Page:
The new Netflix documentary White Hot follows the rise of Abercrombie & Fitch. The store was once a staple of Oughts malls and was infamous for its casting of models. Pop stars including Britney Spears and Jennifer Aniston were often featured on the ad campaigns. The company was even known for promoting models by partnering with LFO, who released the hit song Summer Girls in 1999.
In the Netflix documentary, Anthony Ocampo exposes the racial bias that went on at Abercrombie & Fitch. The company was well-known for hiring people based upon their hotness. A recent survey found that one out of five of those employed at Abercrombie & Fitch was black. It hasn’t been clear whether this discrimination was deliberate or a response to social change.
The origins of Abercrombie & Fitch can be traced back as far as 1892, when David T. Abercrombie sold excursions goods to upper-crust athletes. It has been through many changes of ownership throughout its history. Les Wexner bought the company in the mid-1980s and hired ultra-private CEO Mike Jeffries to reposition it as a more inclusive brand.
Aside from the sex discrimination of minorities and the racial sex, Abercrombie’s corporate culture has also been challenged. After being exposed, the company’s hiring practices were questioned and several employees resigned. However, this has not stopped the company from putting out offensive t-shirts and ad campaigns.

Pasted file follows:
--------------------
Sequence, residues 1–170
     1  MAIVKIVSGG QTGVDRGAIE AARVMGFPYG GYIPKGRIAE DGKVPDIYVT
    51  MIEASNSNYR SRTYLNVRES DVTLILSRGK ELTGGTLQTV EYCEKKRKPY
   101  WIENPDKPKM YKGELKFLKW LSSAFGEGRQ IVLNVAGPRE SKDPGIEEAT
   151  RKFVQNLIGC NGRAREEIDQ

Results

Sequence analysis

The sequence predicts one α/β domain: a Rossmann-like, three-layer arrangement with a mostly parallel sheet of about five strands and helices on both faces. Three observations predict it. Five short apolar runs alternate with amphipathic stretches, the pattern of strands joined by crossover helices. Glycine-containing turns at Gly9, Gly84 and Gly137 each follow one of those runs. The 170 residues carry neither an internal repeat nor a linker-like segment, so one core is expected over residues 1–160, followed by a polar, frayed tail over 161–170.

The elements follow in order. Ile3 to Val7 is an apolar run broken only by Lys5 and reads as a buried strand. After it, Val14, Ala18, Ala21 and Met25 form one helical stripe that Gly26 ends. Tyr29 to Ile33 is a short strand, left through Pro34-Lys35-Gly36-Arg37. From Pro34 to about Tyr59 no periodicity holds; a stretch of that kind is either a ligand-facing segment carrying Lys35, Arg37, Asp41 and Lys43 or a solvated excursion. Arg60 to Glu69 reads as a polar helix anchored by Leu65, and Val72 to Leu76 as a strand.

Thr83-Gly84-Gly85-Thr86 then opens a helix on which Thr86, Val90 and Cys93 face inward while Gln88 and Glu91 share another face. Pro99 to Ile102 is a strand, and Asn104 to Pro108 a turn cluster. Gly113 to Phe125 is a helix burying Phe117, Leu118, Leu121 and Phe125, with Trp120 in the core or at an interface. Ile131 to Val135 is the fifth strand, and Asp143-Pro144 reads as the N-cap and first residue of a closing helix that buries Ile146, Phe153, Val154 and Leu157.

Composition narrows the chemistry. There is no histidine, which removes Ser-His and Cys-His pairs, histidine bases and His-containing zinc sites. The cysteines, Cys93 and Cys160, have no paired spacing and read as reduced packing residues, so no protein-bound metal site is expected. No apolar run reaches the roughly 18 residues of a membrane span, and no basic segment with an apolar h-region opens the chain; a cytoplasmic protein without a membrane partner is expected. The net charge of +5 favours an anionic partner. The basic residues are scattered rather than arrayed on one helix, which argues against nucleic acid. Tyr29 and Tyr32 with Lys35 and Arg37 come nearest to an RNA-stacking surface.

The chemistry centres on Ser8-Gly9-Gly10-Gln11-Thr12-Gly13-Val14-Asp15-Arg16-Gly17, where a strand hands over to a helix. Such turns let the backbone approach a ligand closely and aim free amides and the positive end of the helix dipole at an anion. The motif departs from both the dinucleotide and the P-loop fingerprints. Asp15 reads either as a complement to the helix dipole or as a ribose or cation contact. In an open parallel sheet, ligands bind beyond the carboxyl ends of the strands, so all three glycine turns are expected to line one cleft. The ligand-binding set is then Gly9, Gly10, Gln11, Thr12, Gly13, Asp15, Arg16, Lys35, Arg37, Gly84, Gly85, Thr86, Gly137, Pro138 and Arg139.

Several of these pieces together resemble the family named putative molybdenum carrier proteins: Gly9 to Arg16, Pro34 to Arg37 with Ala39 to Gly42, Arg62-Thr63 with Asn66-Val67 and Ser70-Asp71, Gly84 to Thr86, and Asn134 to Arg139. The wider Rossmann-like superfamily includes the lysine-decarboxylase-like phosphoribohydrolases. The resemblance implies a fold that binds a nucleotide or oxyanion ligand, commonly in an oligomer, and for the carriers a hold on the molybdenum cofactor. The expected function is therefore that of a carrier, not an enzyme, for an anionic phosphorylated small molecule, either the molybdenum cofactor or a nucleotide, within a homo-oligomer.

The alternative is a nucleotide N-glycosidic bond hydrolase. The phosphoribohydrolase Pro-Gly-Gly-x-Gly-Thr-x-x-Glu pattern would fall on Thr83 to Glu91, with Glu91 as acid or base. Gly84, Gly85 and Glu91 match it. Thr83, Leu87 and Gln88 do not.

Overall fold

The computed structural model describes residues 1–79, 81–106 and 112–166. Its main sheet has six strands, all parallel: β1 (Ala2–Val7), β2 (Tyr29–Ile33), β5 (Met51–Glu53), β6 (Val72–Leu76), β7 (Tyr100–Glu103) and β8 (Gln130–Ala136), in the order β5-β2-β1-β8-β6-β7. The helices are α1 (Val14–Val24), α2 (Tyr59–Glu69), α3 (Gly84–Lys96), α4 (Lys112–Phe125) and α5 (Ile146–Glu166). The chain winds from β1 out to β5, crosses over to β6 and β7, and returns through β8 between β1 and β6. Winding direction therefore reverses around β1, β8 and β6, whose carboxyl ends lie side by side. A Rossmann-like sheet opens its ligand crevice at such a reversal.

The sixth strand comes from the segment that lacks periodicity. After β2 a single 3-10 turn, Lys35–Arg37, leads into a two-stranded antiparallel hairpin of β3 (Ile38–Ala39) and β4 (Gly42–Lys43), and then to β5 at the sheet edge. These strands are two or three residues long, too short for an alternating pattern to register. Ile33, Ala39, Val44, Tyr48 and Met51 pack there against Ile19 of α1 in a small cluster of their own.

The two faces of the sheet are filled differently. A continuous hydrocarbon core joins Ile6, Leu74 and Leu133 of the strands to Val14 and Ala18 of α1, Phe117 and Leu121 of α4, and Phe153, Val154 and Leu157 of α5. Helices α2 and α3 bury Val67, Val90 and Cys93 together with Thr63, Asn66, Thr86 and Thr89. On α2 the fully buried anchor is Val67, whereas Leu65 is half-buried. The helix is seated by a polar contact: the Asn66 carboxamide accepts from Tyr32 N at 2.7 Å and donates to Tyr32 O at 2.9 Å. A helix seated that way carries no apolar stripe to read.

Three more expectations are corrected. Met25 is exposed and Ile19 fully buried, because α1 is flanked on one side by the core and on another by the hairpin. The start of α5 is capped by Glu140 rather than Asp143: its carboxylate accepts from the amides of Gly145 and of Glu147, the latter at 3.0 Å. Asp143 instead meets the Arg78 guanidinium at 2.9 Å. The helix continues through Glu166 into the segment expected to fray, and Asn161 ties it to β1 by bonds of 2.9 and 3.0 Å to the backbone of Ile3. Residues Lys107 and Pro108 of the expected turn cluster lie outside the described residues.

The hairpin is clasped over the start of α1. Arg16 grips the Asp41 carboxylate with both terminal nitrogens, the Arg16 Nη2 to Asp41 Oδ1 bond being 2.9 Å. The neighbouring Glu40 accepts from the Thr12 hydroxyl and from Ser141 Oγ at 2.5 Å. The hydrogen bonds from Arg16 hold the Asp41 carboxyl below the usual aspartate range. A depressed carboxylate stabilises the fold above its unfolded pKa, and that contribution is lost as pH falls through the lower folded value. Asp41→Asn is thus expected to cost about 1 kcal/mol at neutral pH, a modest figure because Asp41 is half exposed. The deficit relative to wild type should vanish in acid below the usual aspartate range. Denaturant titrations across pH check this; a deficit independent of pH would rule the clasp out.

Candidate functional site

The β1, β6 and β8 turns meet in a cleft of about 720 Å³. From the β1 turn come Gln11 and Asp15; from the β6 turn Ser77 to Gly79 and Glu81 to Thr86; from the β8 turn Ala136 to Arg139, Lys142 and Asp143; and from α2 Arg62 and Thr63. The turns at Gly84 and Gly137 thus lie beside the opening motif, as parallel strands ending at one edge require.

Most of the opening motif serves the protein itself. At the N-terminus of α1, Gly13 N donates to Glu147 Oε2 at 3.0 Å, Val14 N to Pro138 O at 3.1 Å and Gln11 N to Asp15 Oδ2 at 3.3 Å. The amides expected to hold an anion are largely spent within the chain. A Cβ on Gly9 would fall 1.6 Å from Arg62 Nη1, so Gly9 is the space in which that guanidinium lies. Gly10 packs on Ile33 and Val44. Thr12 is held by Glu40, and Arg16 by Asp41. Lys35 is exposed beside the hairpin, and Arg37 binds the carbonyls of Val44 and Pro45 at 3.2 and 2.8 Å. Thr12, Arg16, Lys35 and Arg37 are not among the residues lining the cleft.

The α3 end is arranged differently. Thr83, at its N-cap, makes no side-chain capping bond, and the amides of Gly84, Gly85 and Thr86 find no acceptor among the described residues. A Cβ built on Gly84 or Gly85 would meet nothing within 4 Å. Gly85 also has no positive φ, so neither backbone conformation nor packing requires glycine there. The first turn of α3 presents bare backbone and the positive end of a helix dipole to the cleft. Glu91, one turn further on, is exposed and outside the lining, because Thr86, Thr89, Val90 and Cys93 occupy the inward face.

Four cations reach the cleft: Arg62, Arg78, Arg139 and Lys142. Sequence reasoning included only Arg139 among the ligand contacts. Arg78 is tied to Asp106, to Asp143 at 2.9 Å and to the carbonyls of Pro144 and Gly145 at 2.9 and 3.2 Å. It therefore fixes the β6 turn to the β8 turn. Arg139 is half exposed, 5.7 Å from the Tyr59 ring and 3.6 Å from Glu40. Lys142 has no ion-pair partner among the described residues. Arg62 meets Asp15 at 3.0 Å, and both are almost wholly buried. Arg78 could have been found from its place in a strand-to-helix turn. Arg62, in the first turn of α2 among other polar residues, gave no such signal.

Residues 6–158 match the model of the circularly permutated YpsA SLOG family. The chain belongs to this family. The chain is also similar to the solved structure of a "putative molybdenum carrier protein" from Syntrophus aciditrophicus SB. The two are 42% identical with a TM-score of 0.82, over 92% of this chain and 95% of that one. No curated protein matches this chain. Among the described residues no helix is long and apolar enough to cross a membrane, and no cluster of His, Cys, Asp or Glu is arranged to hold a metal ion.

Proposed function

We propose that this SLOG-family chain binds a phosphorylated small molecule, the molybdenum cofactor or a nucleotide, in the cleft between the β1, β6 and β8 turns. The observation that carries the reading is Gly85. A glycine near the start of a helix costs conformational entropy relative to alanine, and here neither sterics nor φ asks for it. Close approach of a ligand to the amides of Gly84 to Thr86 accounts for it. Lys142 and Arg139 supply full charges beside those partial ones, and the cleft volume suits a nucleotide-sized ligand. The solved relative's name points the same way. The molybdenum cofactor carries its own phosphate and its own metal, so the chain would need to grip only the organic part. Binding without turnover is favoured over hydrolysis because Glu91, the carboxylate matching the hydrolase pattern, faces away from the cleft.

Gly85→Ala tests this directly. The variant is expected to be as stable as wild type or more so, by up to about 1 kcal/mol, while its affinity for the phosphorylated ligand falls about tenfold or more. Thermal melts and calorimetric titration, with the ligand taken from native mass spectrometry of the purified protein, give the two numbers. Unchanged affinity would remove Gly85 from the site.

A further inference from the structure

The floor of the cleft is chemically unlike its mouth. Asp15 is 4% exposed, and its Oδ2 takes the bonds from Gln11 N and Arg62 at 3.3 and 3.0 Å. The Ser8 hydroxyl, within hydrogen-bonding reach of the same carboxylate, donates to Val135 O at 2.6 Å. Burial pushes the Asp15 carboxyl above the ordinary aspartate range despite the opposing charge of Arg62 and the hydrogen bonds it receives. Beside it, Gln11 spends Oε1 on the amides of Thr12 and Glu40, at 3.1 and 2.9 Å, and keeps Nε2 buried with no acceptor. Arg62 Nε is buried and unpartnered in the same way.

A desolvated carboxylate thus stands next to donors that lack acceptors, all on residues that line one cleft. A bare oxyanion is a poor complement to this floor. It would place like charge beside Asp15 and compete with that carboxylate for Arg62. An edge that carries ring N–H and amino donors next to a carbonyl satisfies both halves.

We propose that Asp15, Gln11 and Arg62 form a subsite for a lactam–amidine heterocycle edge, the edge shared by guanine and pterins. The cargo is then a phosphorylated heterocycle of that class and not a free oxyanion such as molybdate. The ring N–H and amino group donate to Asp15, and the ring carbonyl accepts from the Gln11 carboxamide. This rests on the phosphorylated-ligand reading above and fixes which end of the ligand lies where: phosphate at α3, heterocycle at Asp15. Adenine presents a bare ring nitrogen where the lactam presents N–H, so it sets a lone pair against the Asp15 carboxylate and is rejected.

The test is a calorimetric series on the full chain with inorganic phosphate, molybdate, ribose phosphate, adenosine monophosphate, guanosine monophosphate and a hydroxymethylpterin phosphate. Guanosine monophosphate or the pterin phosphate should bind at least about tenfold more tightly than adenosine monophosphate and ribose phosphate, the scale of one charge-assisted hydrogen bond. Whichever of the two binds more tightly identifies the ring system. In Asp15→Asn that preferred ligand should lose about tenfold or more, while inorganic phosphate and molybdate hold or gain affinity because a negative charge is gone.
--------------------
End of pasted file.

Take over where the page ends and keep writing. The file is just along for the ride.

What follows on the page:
While many women will probably not admit to the allegations against the company, the movie offers a glimpse into the company’s past and present. Although Abercrombie was once a notorious figure for racial discrimination it is also true that the company is largely a privilege elite. The company’s culture of exclusion is still very much alive.
In 2009, a young Muslim girl sued Abercrombie and Fitch, claiming she was discriminated against because of her religion. The company refused to hire her, comparing her head scarf to a baseball hat. Ultimately, the Supreme Court ruled that Abercrombie had violated the Civil Rights Act. But this did not stop the lawsuit from proceeding.